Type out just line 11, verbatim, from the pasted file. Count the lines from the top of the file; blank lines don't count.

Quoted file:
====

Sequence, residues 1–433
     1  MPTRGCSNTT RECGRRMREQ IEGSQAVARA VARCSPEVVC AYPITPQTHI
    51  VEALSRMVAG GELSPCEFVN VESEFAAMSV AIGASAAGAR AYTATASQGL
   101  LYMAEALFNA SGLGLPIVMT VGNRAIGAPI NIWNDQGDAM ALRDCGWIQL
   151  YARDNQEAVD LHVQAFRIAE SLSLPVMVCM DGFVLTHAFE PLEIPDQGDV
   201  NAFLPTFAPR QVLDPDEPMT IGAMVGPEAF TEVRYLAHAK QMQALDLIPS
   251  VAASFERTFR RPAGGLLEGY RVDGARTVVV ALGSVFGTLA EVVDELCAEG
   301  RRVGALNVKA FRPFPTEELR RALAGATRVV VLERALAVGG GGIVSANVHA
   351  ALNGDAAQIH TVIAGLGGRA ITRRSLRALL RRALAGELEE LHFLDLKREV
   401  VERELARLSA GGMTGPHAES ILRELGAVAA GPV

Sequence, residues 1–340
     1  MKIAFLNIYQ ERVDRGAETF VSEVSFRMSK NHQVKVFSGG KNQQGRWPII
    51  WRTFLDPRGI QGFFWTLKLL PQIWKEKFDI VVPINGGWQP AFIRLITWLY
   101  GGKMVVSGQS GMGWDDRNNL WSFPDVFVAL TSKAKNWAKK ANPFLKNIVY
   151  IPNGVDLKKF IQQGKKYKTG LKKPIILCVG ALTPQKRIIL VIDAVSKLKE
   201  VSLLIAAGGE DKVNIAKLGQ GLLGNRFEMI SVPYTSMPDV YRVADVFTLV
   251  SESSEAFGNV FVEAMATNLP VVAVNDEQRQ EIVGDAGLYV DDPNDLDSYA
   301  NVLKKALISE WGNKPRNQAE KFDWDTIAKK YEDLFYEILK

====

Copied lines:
Sequence, residues 1–340